However, the responsibility of this group was not simply to spy out the land. They were not chosen to be geologists, real estate agents, or agricultural surveyors. They were chosen to be leaders of God’s people, charged with giving God’s people God’s message. Whatever godly leaders are charged to do, eventually their responsibility is to be faith-driven leaders.

That’s where this group failed. Instead of reporting faith, ten of these leaders would eventually report of the fear they felt. Only two gave the challenge of moving forward in faith. When the people sided with fear instead of faith, their opportunity to live inside the Promised Land vanished.

A place of leadership is a place of tremendous responsibility, for a leader’s faith is on public display. The responsibility of a leader to live in that faith is a great weight.

III. An effective leader does not let problems stop the promise

When the people listened to the ten frightened spies who made a case for fear, instead of the two leaders calling them toward faith, God wanted to destroy them all. Had God done so, the entire exodus from Egypt would have been wasted. The promise of the Promised Land would be delayed by centuries. The nation of God’s people would be destroyed, and God’s reputation, therefore, would be greatly damaged. This was no small problem.

Moses made his best case before God, desperately trying to ward off a deadly, righteous anger.

Amazingly, God relented. Instead of destroying the nation, God only destroyed a generation. Forty years later, Joshua and Caleb would lead the children and grandchildren of this experience into the Promised Land. They would do so only because Moses did his best to not let a problem stop the promise.

If you’re going to lead, you’d better comprehend the truth. There will always be problems along the way. The problems come, and the problems go. Moses might put it this way: Today they complain about manna, tomorrow they’ll complain about quail. One day it’s a problem of thirst, the next it’s a problem of idolatry.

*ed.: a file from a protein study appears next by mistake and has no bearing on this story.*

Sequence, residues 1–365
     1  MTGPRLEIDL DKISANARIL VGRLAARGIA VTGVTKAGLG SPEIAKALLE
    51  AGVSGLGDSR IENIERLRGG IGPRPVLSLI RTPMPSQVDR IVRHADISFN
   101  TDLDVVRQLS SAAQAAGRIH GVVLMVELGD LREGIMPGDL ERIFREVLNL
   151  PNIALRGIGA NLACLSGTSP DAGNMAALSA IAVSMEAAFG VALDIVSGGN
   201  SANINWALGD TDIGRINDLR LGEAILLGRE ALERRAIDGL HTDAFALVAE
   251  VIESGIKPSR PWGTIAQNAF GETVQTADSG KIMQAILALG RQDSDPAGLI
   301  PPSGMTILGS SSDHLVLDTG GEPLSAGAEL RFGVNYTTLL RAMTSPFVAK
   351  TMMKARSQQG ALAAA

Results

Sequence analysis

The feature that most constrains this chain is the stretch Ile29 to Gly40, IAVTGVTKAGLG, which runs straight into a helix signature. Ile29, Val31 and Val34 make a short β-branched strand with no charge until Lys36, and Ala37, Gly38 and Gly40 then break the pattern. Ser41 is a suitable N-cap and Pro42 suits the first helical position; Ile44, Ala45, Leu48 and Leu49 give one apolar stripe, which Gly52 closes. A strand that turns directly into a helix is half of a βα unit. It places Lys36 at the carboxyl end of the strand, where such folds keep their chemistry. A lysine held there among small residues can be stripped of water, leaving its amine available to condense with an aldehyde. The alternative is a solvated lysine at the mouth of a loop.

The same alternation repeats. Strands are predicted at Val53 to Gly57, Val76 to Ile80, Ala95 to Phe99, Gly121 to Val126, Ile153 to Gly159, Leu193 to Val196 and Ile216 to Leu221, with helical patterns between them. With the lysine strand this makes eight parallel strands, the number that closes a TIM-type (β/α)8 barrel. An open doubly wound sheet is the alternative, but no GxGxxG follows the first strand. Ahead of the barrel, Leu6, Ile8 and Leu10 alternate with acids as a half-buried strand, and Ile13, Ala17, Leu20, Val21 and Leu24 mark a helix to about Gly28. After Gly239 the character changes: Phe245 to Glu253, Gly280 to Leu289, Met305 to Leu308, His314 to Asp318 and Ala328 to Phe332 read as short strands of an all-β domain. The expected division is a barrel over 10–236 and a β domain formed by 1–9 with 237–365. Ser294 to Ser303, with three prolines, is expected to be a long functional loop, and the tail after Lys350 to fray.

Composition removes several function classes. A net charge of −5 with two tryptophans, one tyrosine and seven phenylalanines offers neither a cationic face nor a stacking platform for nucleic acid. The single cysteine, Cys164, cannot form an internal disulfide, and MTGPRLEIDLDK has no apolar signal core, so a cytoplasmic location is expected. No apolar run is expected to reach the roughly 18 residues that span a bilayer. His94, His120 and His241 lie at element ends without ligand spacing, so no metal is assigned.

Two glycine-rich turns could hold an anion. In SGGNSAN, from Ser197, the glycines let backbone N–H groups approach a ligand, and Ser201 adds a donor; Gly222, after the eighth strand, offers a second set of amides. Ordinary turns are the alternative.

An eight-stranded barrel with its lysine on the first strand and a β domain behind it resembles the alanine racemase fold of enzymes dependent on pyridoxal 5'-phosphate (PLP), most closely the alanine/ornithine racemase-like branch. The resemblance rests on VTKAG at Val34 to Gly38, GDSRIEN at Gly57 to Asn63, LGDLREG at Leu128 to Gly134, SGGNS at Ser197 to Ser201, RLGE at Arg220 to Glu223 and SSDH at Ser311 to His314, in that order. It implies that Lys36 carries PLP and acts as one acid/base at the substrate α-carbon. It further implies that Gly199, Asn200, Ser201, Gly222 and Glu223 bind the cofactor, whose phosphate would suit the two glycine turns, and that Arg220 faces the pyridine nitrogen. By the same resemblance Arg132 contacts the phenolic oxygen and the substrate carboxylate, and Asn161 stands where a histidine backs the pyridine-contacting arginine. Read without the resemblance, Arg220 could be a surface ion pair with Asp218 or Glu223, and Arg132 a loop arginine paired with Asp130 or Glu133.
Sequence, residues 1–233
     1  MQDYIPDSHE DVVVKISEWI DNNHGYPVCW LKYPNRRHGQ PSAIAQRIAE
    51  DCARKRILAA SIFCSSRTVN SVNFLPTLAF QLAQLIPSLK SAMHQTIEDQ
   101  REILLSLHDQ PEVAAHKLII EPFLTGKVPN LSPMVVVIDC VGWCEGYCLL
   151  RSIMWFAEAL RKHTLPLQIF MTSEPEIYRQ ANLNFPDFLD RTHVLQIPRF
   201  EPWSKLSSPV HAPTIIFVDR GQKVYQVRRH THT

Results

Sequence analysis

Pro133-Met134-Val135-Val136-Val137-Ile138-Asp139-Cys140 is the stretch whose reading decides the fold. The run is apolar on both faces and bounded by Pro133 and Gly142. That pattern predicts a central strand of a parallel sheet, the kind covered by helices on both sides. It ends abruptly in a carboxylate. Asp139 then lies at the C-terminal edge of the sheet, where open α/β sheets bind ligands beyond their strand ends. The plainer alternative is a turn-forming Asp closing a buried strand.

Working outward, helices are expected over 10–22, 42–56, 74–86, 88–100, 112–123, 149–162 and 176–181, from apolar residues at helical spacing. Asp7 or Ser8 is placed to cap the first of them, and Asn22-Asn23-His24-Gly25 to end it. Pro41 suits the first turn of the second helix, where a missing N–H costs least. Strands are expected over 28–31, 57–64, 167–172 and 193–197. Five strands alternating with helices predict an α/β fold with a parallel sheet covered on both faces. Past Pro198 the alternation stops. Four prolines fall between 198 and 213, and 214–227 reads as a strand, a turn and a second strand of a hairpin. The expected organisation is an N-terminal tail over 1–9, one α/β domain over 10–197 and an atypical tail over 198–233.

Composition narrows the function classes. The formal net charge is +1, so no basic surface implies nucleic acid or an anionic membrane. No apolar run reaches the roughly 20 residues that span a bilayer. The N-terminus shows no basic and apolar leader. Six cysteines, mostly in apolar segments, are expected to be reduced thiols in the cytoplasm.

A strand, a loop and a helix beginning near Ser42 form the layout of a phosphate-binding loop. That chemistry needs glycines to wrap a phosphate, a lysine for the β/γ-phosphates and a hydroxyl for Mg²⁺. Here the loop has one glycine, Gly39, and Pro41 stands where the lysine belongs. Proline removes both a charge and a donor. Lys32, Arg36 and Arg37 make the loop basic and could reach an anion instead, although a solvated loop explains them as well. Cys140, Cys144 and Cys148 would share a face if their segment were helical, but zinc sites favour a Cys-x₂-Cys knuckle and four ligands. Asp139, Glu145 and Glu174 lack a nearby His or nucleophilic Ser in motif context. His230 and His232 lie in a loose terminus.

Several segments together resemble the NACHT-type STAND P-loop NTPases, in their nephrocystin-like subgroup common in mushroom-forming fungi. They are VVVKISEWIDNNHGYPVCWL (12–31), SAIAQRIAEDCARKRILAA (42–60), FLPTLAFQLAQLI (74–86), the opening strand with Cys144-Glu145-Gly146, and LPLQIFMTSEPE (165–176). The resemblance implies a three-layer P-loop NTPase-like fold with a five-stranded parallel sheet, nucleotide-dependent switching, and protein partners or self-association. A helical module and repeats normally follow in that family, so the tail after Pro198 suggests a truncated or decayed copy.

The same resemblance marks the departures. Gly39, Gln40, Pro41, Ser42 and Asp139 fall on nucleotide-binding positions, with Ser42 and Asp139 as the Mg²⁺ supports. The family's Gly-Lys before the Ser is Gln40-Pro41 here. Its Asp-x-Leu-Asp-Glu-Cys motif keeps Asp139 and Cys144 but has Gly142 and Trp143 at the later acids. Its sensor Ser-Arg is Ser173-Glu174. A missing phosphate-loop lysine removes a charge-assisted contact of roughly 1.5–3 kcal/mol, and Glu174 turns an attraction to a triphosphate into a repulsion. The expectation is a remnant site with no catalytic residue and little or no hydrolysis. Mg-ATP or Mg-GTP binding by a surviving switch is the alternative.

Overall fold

Leaders learn that problems look very large in the present, and very small from the distance. Effective leaders simply refuse to let something that looks so large block out the big picture. If Moses had forgotten the priceless value of God’s promise, his people would have died in the dessert. An effective leader simply cannot let a temporary problem – no matter how large – block the promise of the goal.

Colonel George Washington Goethals, the man responsible for the completion of the Panama Canal, had stifling  problems with the climate and the geography of Central America. Driving rains, incredible heat, and deadly disease were problems that never left his task. But his biggest challenge was the growing criticism back home from those who predicted he’d never finish the project. The voices of the critics appeared to be the biggest problem of all.

Finally, a colleague asked him, “Aren’t you going to answer these critics?”

“In time,” answered Geothals.

“When?” his partner asked.

“When the canal is finished.”

IV. The most important quality a leader must have is faith

Moses was humble, he was compassionate, he was consistent. But most of all, he was a man of great faith. The writer of Hebrews said the greatest mark of Moses was that he believed God, and that he led God’s people by faith. History’s summary of this great leader’s life was that he was a man of faith. (see Hebrews 11:23-29)

Moses had been a consistent man of faith among a people who had been consistently faithless. When God listed his complaints about the people, He said they had tested him ten times (see Numbers 14:22). How could people who had escaped Egypt, walked safely across the dry floor of the Red Sea, and eaten miraculous food doubt that God was with them? Had they not seen the Tabernacle, and the fire that glowed over it at night? Could they not remember the plagues that struck Egypt at Moses’ command?

Don’t be too hard on the people surrounding Moses. The disciples of Jesus had trouble walking across the bridge of faith, even after the Resurrection!